Simple Present (Present Simple Tense)

single-sun-flower

Sunflowers bloom in summer.

The simple present (or present simple tense) expresses an action in the present taking place once, never or several times. It is also used for actions that take place one after another and for actions that are set by a timetable or schedule. The simple present also expresses facts in the present.

 

I. How do we make the Simple Present Tense?

Affirmative: Subject + Verb(s/es)

Negative: Subject + do/does not + Verb

Question: Do/Does + Subject + Verb?

There are three important exceptions:

1. For positive sentences, we do not normally use the auxiliary.

I go shopping at Walmart every weekend.

2. For the 3rd person singular (he, she, it), we add -s to the main verb or -es to the auxiliary.

He works at a factory
He goes to work at 8 o’clock

3. For the verb to be, we do not use an auxiliary, even for questions and negatives.

I am a teacher.
He isn’t a bad personIs she beautiful?

Look at these examples with the main verb like:

I have a dog.

He get up at 6.00 am every morning.

It takes me 20 minutes to get to work.

She does her homework correctly.

They finish the football match at 5.00pm in the afternoon.

We never go to the zoo on Monday.

 

II. Use of Present Simple

Present Simple is used for states, things staying the same, facts and things that are true for a long time

Example:

The sun rises in the east.

Flowers usually bloom in spring.

Present Simple is used for repeated actions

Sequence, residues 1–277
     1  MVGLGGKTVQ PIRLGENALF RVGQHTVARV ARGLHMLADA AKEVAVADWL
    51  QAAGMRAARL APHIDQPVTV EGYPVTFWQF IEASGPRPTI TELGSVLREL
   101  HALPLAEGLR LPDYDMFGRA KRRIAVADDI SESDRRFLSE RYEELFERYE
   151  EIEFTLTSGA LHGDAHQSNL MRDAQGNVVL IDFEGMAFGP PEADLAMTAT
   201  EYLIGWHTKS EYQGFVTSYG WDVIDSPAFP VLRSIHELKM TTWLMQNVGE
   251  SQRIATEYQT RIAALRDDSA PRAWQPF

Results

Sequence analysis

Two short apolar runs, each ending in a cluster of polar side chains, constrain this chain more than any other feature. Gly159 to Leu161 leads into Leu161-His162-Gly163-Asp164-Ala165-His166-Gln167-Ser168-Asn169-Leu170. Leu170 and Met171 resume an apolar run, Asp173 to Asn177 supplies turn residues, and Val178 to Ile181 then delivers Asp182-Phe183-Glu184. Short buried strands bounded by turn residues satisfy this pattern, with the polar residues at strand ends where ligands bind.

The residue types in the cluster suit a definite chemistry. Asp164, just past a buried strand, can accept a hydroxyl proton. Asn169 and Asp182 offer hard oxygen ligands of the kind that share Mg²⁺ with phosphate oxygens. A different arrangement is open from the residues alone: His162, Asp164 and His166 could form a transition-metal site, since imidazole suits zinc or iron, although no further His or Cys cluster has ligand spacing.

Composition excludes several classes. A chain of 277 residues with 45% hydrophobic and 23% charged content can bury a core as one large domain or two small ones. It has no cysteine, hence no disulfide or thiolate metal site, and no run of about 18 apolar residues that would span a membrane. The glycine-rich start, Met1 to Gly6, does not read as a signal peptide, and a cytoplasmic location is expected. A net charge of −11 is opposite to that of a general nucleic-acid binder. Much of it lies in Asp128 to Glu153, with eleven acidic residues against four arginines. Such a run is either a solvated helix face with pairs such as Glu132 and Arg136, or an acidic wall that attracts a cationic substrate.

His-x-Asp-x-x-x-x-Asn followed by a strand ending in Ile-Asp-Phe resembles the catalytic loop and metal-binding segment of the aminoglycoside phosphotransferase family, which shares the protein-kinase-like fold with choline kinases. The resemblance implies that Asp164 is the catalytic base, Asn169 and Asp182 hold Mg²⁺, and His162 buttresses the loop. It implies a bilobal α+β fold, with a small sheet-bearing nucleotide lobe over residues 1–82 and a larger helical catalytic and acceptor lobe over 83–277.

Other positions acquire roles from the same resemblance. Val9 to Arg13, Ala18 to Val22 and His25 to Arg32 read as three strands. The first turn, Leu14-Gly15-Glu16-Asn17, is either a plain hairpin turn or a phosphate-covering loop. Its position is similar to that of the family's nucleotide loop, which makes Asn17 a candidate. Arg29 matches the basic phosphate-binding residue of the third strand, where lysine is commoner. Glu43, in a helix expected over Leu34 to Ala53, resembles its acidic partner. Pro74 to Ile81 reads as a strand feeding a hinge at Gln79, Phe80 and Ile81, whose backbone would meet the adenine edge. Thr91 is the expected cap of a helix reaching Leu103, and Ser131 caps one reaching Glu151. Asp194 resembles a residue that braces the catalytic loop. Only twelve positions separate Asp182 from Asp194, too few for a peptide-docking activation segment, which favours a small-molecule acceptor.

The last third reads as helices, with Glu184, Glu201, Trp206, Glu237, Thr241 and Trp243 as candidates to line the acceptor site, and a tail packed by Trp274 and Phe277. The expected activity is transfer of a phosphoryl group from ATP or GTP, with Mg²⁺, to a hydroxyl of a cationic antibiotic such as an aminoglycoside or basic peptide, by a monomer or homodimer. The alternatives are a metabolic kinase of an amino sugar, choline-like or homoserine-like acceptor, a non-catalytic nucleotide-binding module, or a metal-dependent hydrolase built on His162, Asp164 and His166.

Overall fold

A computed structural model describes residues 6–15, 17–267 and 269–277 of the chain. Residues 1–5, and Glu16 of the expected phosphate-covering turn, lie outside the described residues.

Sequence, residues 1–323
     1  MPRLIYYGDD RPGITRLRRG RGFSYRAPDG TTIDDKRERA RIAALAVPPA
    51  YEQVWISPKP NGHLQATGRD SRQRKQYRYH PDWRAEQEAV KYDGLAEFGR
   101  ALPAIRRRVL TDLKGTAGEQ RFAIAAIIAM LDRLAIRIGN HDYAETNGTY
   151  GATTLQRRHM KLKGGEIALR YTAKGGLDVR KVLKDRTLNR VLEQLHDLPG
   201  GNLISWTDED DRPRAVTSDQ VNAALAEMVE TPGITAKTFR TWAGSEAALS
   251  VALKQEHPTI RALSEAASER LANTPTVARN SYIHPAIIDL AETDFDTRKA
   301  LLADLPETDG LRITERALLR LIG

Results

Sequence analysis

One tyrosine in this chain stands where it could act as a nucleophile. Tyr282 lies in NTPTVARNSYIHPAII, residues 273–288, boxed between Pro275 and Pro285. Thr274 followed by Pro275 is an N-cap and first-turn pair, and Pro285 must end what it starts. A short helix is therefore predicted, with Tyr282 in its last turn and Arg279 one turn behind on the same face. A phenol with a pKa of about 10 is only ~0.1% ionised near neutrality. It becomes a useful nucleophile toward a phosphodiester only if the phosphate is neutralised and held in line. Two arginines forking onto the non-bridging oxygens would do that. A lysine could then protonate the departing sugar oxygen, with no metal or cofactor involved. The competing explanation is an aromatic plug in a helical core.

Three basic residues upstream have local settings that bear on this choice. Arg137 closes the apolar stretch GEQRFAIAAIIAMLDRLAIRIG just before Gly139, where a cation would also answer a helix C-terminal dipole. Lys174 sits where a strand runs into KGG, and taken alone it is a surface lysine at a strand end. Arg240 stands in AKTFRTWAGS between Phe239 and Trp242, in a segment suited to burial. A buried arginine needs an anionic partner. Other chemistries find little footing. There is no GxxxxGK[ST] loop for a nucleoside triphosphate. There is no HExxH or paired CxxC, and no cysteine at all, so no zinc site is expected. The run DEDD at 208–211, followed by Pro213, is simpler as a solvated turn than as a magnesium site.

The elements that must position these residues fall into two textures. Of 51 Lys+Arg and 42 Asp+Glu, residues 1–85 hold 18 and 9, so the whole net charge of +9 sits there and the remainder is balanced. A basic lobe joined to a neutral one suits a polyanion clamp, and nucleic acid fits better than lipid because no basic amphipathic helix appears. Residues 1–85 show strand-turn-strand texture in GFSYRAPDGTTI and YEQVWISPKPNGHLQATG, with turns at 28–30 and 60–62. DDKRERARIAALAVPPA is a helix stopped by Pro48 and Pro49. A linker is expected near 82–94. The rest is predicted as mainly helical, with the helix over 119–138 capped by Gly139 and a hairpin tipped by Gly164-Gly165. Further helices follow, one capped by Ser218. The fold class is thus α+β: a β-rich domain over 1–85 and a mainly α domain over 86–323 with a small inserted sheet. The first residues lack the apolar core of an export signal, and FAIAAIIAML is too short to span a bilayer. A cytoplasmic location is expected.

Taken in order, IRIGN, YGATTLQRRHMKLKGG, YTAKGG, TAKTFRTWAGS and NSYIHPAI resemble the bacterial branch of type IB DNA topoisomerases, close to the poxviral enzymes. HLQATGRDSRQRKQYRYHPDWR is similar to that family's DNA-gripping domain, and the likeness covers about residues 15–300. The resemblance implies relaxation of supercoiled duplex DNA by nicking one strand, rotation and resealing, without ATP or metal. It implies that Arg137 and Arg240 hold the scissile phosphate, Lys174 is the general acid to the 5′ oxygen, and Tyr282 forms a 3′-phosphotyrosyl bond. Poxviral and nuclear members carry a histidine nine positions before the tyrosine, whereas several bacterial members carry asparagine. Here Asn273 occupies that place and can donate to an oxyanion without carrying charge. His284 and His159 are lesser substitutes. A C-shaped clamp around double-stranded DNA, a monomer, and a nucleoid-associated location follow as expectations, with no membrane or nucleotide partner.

Example:

We come here every week.

He plays golf at the weekend.

We use Present Simple to talk about future (usually in schedule, plans…)

The train starts at 18 o’clock today.

The exhibition finishes next week.

 

III. Positive Forms

I/you/we/they get up at 6.00.

He/she/it gets up at 6.00

In present simple we use the verb without an ending

I get the lunch ready at one o’clock, usually

Most children like ice-cream

We always do our shopping at the supermarket near our office.

You know the answer

But in the third person singular (after he, she, it, your friend, John, etc), the verb ends in -s or -es.

It gets busy at weekends

Sarah catches the early train.

My husband thinks different, too

She faxes messages all over the world.

 

IV. Negatives and Questions

Negative

I/you/we/they do not get or don’t get

he/she/it does not get or doesn’t get

Question

Do I/you/we/they get?

Does he/she/it get?

We use a form of do in negatives and questions. We use do and don’t except in the third person singular, where we use does and doesn’t

We don’t live far away

Do you live here?

He doesn’t want to go shopping

What does he want?

We don’t add -s to the verb in negatives and questions

He doesn’t gets a book. (wrong)

He doesn’t get a book (correct)

Does he gets a book? (wrong)

Does he get a book? (correct)

 

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